37. PhillyBooster Posted: April 27, 2004 at 07:42 PM (#524139)
I'm with Marc and Chris, and I think we have been consistent. There is no requirement to vote for any candidate, but there is a requirement to fairly consider all evidence of "non-traditional" baseball players, statistical and otherwise. Dan R.'s ballot, as posted, is clearly invalid under that requirement.
   38. David Concepcion de la Desviacion Estandar (Dan R) Posted: April 27, 2004 at 07:46 PM (#524140)
I'll study up on Pearce and the early Negro Leaguers and see where they fit on my '26 ballot.
   39. Al Peterson Posted: April 27, 2004 at 08:10 PM (#524141)
Let me also throw a tardy welcome to Dan R. also. Always nice to have more people involved.

Before we go around throwing out ballots let remember we're all trying to find our way thru the forest of players and pick the HOMer. It's only taken me twentysome elections to change my ranking criteria six times and I'm sure I'm not done.

We all wish there was perfect knowledge and unlimited time but then what would be the fun?
   40. John (You Can Call Me Grandma) Murphy Posted: April 27, 2004 at 08:31 PM (#524142)
I don't have a major problem with Dan's reasoning concerning the Negro Leaguers (though I disagree with him not placing any on his ballot at this time). He doesn't sound close-minded on the subject to me and I would vote to have his ballot remain in that regard (unless he refuses to acknowledge non-statistical methods for these nontraditional players).

Dickey Pearce is a little different story, but he's not really doing anything out of the ordinary in this regard either (unfortunately). Since he has stated that he will research all three players for the next election (and since his ballot won't really change anything), I'd give him some slack.

As for Pearce, I just don't think baseball was baseball in the 1860's.

I bet Dickey would say the same thing about today's game. :-)

Seriously, 19th century baseball was just as valid as the contemporary version is, IMO. If the game of baseball goes through a radical change a hundred years from now, that doesn't mean that the pre-change players should be ignored.
   41. Brad G. Posted: April 27, 2004 at 08:37 PM (#524143)
Hey! Dickey Pearce invented the bunt!
   42. Chris Cobb Posted: April 27, 2004 at 08:44 PM (#524144)
Before I respond to Al, let me say more fully "Welcome!" to Dan Rosenheck; your ballot and approach to the process seem thoughtful, and I'm glad you're joining the project.

Al Peterson wrote:

Before we go around throwing out ballots let remember we're all trying to find our way thru the forest of players and pick the HOMer. It's only taken me twentysome elections to change my ranking criteria six times and I'm sure I'm not done.

We all wish there was perfect knowledge and unlimited time but then what would be the fun?


While it is true that we are all far from perfect knowledge, it's important that the group maintain clear standards about the grounds on which we consider candidates for election as new voters join the process.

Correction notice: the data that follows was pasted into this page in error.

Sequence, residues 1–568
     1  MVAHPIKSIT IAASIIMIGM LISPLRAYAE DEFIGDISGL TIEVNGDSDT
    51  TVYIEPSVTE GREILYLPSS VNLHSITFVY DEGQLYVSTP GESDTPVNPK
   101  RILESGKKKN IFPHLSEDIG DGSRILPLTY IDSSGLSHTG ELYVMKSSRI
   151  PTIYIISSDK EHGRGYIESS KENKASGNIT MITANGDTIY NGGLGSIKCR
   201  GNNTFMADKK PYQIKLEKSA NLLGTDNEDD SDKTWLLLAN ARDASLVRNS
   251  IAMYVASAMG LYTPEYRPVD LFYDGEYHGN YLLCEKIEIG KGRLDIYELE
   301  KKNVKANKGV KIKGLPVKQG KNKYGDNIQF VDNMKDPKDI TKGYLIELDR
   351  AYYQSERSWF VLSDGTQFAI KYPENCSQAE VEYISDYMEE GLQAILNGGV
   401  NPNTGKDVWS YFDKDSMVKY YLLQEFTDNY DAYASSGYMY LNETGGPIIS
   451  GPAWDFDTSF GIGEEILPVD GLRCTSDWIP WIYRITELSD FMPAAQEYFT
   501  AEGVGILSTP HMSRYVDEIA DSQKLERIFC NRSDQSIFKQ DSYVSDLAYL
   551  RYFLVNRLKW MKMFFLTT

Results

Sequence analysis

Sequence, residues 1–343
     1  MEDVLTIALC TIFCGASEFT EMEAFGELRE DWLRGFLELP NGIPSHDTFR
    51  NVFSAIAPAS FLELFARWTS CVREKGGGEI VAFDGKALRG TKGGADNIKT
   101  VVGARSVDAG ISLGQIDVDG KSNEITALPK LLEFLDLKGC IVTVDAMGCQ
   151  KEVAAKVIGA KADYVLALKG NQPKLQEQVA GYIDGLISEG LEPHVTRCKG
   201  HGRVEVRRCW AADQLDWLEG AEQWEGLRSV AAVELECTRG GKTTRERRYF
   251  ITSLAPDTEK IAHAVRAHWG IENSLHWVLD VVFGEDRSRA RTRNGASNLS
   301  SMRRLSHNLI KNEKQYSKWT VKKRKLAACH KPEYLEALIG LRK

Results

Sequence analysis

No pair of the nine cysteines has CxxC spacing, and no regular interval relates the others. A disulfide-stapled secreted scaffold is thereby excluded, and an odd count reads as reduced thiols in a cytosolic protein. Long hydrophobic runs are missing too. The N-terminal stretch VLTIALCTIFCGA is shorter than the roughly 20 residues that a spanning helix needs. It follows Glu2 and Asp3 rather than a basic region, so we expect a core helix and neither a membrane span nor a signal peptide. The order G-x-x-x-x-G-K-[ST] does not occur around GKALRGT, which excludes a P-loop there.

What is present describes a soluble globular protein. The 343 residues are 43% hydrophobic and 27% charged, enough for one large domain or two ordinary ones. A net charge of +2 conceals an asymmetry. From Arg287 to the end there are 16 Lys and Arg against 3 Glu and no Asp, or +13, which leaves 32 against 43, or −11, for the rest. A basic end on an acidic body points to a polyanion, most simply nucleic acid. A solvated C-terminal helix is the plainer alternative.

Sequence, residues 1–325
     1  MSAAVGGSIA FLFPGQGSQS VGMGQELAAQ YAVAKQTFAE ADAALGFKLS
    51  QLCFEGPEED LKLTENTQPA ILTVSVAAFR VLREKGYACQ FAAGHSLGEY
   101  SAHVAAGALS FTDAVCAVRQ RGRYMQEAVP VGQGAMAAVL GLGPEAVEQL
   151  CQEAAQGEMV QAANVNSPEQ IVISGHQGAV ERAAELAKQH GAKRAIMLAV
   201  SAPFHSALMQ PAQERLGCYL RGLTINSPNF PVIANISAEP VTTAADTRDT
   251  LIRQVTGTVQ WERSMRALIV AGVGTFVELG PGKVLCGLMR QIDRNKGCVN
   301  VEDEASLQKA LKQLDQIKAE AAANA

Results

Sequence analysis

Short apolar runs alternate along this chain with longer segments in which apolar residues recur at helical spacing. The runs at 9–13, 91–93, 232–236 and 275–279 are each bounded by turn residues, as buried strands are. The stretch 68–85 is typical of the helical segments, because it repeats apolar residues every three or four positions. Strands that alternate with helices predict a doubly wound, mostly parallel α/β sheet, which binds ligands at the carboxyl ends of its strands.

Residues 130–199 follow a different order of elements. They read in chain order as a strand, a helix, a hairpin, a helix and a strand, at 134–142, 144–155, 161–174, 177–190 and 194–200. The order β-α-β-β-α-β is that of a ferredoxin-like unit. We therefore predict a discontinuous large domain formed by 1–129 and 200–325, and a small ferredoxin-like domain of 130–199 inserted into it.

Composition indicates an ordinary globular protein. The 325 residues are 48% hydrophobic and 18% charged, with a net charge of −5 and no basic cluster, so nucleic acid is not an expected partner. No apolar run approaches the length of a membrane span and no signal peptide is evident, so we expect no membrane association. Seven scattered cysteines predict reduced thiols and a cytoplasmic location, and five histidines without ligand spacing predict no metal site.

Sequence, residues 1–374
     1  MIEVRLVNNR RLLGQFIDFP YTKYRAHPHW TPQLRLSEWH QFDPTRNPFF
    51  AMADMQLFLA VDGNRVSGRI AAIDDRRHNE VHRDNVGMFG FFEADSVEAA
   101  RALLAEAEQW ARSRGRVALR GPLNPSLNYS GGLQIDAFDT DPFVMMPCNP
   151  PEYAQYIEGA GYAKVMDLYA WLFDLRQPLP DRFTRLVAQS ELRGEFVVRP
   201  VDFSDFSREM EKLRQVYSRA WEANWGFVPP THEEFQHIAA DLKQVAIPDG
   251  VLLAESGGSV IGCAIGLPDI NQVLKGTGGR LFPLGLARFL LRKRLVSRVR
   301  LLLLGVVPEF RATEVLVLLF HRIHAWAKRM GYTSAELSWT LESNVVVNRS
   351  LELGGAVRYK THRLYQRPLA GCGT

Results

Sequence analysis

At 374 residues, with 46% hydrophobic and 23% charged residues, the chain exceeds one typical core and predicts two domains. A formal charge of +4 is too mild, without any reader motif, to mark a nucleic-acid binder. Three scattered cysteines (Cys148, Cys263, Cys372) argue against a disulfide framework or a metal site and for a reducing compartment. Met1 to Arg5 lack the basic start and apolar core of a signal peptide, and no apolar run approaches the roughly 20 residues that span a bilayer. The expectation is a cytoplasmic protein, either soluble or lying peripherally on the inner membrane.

So far I think the process of bringing a new voter into the electorate has gone appropriately.

Dan R. submitted a reasonable looking ballot, but with incomplete explanations. We asked for more explanations covering all candidates and those in the top 10 missing. He supplied thoughtful and honest explanations, and when those explanations for Home Run Johnson and Frank Grant being off ballot turned out to be -- "I don't know how to rate these guys without data, so I didn't rank them," I said that that was not a valid reason not to rank them. Dan said he'd study up and see what he could do for 1926.

There's no reason he should have to put players onto his ballot he's not comfortable ranking, but it's also the case that his 1925 ballot is not valid according to the Constitution, and so it should not be counted.

It would be unreasonable if we asked new voters to provide a comprehensive "top 50 eligible players" list with thorough explanations for the placement of each one in order to ensure that they were voting knowledgeably and fairly, but I think it's both reasonable and necessary for a new voter to have a studied ranking for the top 10 returning candidates from the preceding election. That's a manageable task, and making sure that we all are doing at least that much every election is what "best practices balloting explanations" are for.

And in a close election (and we're likely to have more than a few of those in the next six to eight), would we want it to be the case that the difference in the election came from the ballot of a new voter who didn't rank a couple of the top eligibles because he didn't know enough about them yet?

If, after Dan R. reads through the Negro League All Stars thread, he decides that the evidence does not suggest that either Johnson or Grant merits placement in his top 15, I would be perfectly accepting of any reasonable argument to that effect. But leaving them out because of lack of quantitative evidence is not constitutional, and we shouldn't accept a ballot that doesn't conform to this minimal constitutional standard.
   43. Chris Cobb Posted: April 27, 2004 at 08:47 PM (#524145)
Before I respond to Al, let me say more fully "Welcome!" to Dan Rosenheck; your ballot and approach to the process seem thoughtful, and I'm glad you're joining the project.

Al Peterson wrote:

Before we go around throwing out ballots let remember we're all trying to find our way thru the forest of players and pick the HOMer. It's only taken me twentysome elections to change my ranking criteria six times and I'm sure I'm not done.